It’s why on Wednesday morning I will kiss my daughter and husband goodbye, leaving them with about $50 in our Mexican bank account, putting our fate into other hands now. The optimistic side of me, the one who knows how far we’ve come, agreed wholeheartedly with my Mexican brother-in-law last night when we were talking about what we were going to do this week, vetting every last misgiving down to the fear that our book could someday be used for some ill will. He said, “every good deed can be used for bad or for good, but you will never regret doing what you’ve done.” I couldn’t have said it better myself.

Welcome: Action for Family Unity

Action for Family Unity collage of photos of families separated or in exile due to immigration law

Our stories just keep coming out, and out, and out. The farther we come out, the more scary it feels, but it also feels so wonderful to read and hear the words of our supporters as they join the call to legislators to help bring us home.

These past two weeks have been really amazing. Just last month, I was thinking it would be hard to get families like ours (in exile or facing exile due to immigration laws) organized into a cohesive political force to be dealt with. But then I put out a call asking if anyone knew of specific organizations dedicated to lobbying for our issues. There aren’t many—our presence on the media map is very sparse, despite our large numbers. There are a wide variety of organizations doing great advocacy work and coming up with exciting solutions, too many to list here. But if you’re interested, Prerna Lal, one of my favorite immigration bloggers, suggested a list of sites to start with here.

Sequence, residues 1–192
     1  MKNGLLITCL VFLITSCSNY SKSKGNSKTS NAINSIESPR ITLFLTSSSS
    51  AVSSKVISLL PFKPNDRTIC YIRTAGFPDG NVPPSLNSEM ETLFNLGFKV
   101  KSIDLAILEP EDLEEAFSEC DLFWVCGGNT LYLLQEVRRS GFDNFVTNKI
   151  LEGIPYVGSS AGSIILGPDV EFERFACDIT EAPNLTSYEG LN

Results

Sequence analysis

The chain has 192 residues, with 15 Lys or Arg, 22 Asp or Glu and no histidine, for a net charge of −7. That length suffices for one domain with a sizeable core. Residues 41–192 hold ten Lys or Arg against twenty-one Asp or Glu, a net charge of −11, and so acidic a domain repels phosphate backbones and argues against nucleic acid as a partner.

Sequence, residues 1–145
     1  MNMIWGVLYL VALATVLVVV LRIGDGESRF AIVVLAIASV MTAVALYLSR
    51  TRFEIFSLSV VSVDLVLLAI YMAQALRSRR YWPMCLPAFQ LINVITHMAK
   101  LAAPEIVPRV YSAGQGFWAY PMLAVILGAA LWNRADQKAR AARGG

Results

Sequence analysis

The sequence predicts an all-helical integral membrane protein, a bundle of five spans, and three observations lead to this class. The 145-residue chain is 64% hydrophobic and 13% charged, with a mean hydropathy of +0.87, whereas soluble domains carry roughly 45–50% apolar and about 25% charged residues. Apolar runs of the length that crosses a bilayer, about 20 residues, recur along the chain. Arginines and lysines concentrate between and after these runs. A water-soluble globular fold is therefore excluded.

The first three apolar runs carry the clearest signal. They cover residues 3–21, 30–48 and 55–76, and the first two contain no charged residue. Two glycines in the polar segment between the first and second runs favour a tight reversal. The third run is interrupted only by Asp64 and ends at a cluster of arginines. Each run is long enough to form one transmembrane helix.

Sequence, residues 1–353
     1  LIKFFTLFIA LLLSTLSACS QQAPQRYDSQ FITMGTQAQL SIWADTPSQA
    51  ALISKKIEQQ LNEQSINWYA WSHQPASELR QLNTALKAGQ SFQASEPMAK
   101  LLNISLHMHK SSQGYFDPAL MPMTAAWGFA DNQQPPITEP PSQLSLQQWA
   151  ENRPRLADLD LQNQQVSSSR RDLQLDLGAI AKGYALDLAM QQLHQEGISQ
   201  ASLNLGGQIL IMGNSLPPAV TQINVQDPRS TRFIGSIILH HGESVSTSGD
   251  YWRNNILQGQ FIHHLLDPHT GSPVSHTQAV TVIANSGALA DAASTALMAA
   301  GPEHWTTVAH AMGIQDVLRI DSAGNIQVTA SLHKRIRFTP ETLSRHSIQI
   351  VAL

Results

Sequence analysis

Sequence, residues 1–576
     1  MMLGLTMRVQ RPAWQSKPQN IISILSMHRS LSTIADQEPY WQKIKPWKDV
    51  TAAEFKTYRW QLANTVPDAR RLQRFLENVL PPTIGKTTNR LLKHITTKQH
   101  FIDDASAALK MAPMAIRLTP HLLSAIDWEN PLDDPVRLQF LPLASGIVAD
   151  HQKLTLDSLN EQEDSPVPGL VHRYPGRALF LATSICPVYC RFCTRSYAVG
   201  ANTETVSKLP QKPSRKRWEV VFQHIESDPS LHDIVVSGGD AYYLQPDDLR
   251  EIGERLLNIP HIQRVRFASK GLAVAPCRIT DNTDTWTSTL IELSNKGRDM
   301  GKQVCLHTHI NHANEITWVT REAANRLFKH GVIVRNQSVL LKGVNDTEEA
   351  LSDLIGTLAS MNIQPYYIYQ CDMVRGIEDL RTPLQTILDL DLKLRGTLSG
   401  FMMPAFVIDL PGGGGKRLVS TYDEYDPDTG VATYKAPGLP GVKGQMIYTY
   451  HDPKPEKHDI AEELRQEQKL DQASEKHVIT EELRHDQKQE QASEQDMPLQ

One thing happened after another. A fellow exile blogger, Raquel Magaña, got back to me with a few ideas of people to be in touch with. The first was Ellin Jimmerson, director and producer of The Second Cooler, a moving documentary that focuses on how immigration is a human rights and workers’ rights issue (Thank you Ellin).

Next thing I knew, I was messaging like crazy with other women in exile—in the U.S., South America, Mexico, South Korea. This was nothing new for many of them—they’ve been in touch with each other for a while—a long time for some, and attracting press to put our issues on the map. But my efforts on activism have been isolated to advocacy back in 2006 (the SF marches) and getting my memoir out over the last 2 years, with the occasional petition signature, and I hadn’t been a part of any online forum before.